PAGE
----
Margi language

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Margi
Native to Nigeria
Region Borno State, Adamawa State
Native speakers
160,000  (2006)[1]
Afro-Asiatic
Language codes
ISO 639-3 mrt
Glottolog marg1265[2]
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Ethnic territories of the Marghi-speaking people in Nigeria (pinkish red)
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Margi, also known as Marghi and Marghi Central, is a Chadic language spoken in Nigeria. It is perhaps the best described of the Biu–Mandara branch of that family. Marghi South and Putai are closely related, and sometimes considered dialects of Margi.[3]

Phonology[edit]

Margi is famous for having a vertical vowel system, with only two vowels, /ɨ/ and /a/, in native vocabulary. (Loan words also distinguish /ɛ/ and /o/.) There are two tones, high and low, with some syllables unmarked for tone. Margi also has a large consonant inventory, with a number of labialized consonants and unusual things such as a labiodental flap. Hoffmann (1963) describes 84 consonantal phonemes, an enormous number compared to that of most languages. However, Hoffmann's list of consonants includes all onsets in the language, many of which other researchers have since analyzed as sequences, such as /pt/ and /bz/.[4] What remains are 66 consonants if labialization is counted separately, or 54 if it is interpreted as a /Cw/ sequence.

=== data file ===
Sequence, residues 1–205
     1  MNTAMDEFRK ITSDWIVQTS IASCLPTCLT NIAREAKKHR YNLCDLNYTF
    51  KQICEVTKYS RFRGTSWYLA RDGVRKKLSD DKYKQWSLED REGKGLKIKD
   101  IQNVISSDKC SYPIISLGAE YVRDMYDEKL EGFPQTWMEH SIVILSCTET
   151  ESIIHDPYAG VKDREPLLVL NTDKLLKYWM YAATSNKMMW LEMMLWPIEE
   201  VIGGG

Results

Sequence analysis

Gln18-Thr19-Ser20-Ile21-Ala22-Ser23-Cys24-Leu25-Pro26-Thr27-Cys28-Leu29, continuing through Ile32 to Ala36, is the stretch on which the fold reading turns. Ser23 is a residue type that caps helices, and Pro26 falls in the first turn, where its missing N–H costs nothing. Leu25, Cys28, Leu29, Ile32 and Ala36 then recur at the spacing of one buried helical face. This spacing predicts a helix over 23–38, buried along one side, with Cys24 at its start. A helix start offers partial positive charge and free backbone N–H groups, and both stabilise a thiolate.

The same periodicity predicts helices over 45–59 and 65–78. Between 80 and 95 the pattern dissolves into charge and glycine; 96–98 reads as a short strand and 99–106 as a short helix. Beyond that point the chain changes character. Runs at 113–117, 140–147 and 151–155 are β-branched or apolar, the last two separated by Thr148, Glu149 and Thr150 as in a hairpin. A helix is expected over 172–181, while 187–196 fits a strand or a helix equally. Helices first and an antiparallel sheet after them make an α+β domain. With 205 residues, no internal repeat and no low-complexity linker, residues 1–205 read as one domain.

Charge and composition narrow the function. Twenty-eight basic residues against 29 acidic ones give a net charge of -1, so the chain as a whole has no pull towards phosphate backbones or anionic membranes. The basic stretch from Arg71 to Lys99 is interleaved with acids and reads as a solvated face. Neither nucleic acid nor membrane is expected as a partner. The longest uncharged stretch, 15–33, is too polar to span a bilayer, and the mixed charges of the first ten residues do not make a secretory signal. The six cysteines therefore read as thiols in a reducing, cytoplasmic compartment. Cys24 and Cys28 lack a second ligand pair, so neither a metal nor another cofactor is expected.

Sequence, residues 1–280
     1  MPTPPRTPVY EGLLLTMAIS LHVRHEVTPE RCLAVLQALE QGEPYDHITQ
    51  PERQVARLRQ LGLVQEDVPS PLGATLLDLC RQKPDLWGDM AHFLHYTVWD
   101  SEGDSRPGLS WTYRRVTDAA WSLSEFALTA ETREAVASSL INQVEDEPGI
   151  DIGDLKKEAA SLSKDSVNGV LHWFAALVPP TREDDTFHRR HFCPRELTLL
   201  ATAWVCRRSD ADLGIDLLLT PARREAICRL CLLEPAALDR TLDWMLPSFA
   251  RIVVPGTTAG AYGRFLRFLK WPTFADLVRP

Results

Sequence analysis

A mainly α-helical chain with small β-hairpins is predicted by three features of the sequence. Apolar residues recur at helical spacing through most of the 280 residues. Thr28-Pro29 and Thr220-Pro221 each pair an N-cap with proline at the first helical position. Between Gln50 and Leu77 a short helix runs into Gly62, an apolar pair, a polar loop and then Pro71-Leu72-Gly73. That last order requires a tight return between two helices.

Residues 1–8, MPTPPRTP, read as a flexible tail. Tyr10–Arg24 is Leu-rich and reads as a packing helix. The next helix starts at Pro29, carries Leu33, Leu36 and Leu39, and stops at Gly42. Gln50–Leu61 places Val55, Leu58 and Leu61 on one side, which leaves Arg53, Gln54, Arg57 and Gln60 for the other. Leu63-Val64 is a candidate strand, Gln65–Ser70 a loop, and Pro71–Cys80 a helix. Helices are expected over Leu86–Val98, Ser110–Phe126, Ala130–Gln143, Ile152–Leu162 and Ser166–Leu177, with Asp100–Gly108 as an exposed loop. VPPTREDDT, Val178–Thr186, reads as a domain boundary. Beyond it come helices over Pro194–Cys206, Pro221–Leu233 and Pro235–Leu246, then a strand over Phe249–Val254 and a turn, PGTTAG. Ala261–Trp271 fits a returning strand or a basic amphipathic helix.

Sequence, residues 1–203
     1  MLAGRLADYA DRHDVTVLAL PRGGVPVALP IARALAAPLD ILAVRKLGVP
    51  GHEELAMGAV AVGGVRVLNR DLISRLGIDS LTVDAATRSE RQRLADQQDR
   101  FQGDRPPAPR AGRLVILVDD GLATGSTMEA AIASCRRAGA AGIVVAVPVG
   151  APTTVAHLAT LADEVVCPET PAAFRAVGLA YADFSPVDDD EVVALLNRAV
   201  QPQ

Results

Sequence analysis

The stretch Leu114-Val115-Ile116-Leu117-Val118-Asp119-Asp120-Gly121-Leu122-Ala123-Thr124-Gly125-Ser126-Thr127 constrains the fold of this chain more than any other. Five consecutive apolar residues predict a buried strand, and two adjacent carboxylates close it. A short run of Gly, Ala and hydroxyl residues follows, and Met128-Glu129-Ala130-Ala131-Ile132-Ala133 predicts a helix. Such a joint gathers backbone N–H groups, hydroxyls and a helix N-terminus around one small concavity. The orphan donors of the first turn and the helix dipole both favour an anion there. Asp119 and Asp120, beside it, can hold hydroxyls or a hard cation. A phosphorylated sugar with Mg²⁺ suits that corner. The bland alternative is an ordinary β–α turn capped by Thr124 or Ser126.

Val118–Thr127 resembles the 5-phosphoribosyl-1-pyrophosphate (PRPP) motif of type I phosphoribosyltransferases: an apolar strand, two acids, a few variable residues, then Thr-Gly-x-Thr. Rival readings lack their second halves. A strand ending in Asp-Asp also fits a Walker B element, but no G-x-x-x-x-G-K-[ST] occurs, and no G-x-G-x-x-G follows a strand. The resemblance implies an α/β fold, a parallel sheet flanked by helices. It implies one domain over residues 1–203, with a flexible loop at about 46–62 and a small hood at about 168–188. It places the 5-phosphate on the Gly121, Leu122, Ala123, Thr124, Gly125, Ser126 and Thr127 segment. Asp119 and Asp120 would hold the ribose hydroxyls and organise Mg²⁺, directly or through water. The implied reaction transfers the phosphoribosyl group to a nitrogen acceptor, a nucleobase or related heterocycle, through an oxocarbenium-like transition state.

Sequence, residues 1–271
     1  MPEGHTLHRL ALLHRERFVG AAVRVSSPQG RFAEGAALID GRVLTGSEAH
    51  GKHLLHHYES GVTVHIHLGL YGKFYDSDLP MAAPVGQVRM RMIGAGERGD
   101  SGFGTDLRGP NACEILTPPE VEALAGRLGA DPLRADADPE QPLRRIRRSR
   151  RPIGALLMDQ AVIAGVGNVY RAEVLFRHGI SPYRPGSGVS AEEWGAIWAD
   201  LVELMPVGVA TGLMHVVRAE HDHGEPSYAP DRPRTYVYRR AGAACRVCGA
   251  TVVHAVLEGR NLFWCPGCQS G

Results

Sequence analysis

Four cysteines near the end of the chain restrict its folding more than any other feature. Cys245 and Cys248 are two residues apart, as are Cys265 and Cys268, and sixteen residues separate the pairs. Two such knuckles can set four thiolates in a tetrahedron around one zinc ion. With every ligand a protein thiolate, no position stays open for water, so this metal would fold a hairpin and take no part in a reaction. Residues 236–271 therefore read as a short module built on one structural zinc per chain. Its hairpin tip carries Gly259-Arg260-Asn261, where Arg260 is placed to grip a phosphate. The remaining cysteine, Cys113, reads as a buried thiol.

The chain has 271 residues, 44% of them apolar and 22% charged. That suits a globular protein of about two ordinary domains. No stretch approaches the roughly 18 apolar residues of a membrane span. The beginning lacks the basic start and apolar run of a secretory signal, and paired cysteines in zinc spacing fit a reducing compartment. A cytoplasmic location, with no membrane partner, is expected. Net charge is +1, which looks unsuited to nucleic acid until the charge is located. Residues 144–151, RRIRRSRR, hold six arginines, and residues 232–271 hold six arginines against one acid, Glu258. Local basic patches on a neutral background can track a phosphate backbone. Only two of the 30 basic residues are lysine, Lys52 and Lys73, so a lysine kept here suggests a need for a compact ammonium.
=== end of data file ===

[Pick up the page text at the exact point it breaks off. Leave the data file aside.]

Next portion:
Consonants
Labial Dental Alveolar Lateral Post-
alveolar
Palatal Velar Labio-
velar
Glottal
Nasal m mʷ n ɲ ŋ ŋʷ
Glottalized ɓ̰ ɓ̰ʷ ɗ̰
Prenasalized mp nt ntʷ nts ntsʷ ntʃ ɲc ŋk ŋkʷ
mb mbʷ nd ndz ndʒ ɲɟ ŋɡ ŋɡʷ
Oral
occlusive
p pʷ t tʷ ts c k ʔ
b bʷ d dz ɟ ɡ ɡʷ
Fricative f fʷ s sʷ ɬ ɬʷ ʃ [ç] x ʍ
v vʷ z ɮ ʒ [ʝ] ɣ
Approximant l j w
Vibrant r

[ç] and [ʝ] are palatalized allophones of /x/ and /ɣ/, the latter of which is closer to an approximant [ɰ].[5] The closely related language Bura is similar but has a palatalized lateral series as well. /ⱱ/ is used in mimesis rather than in lexical vocabulary. The glottalized consonants /ɓ̰ ɓ̰ʷ ɗ̰/ have been described as either creaky voiced or implosive; according to Maddieson, they are evidently both, as in Hausa.[6]

The sequences which Hoffmann included in his consonant inventory are all labial–coronal:

ps [fs], pɬ, pç [fç], pt, pts, ptʃ, mpt, mpts, mptʃ, bz [vz], bɮ, (bʝ [vʝ]), bd, bdz, bdʒ, mbd, mbdz, mbdʒ, ɓ̰ɗ̰, mn[7]

Notes[edit]

  1. ^ Margi at Ethnologue (17th ed., 2013)
  2. ^ Nordhoff, Sebastian; Hammarström, Harald; Forkel, Robert; Haspelmath, Martin, eds. (2013). "Marghi Central". Glottolog 2.2. Leipzig: Max Planck Institute for Evolutionary Anthropology. 
  3. ^ Raymond G. Gordon, Jr, ed. 2005. Ethnologue: Languages of the World. 15th edition. Dallas: Summer Institute of Linguistics.[1]
  4. ^ Ladefoged, Peter; Maddieson, Ian (1996). The Sounds of the World's Languages. Oxford: Blackwell. p. 344. ISBN 0-631-19814-8.  There are very few true labial–coronal consonants in the world.
  5. ^ Ladefoged, Peter; Maddieson, Ian (1996). The Sounds of the World's Languages. Oxford: Blackwell. p. 165. ISBN 0-631-19814-8. 
  6. ^ Ladefoged, Peter; Maddieson, Ian (1996). The Sounds of the World's Languages. Oxford: Blackwell. p. 85. ISBN 0-631-19814-8. 
  7. ^ There may be a few others, such as pɬ~mɬ, mʃ~mtʃ.

References[edit]

  • Hoffmann, C. 1963. A Grammar of the Margi Language. Oxford University Press for International African Institute, London.
  • Maddieson, I. 1987. "The Margi vowel system and labiocoronals." Studies in African Linguistics, vol. 18, No. 3, Dec. 1987.